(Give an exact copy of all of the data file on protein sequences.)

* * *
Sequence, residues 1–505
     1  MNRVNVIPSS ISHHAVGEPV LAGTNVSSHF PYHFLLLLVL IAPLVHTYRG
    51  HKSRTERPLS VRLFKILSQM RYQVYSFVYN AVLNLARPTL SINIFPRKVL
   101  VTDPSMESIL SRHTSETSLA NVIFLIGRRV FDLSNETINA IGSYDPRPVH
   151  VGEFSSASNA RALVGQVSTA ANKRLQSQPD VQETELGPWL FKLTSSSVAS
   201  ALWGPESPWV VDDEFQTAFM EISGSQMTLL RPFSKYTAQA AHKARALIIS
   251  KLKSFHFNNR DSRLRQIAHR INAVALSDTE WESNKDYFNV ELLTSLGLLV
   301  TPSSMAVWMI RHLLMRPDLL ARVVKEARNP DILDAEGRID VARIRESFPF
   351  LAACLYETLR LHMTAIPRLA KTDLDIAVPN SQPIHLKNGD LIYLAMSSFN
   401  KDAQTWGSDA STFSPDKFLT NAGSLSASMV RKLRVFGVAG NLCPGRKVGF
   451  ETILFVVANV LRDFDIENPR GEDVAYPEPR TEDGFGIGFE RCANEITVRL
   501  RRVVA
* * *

Sequence, residues 1–505
     1  MNRVNVIPSS ISHHAVGEPV LAGTNVSSHF PYHFLLLLVL IAPLVHTYRG
    51  HKSRTERPLS VRLFKILSQM RYQVYSFVYN AVLNLARPTL SINIFPRKVL
   101  VTDPSMESIL SRHTSETSLA NVIFLIGRRV FDLSNETINA IGSYDPRPVH
   151  VGEFSSASNA RALVGQVSTA ANKRLQSQPD VQETELGPWL FKLTSSSVAS
   201  ALWGPESPWV VDDEFQTAFM EISGSQMTLL RPFSKYTAQA AHKARALIIS
   251  KLKSFHFNNR DSRLRQIAHR INAVALSDTE WESNKDYFNV ELLTSLGLLV
   301  TPSSMAVWMI RHLLMRPDLL ARVVKEARNP DILDAEGRID VARIRESFPF
   351  LAACLYETLR LHMTAIPRLA KTDLDIAVPN SQPIHLKNGD LIYLAMSSFN
   401  KDAQTWGSDA STFSPDKFLT NAGSLSASMV RKLRVFGVAG NLCPGRKVGF
   451  ETILFVVANV LRDFDIENPR GEDVAYPEPR TEDGFGIGFE RCANEITVRL
   501  RRVVA